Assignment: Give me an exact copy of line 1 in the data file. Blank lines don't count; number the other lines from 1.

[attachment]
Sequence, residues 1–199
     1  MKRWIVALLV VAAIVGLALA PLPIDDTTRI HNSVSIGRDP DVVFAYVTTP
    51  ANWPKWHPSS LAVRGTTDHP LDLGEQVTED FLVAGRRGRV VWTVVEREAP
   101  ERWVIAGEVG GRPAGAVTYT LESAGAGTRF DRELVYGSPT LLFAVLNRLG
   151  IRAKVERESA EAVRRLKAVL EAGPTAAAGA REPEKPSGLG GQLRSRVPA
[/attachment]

Sequence, residues 1–199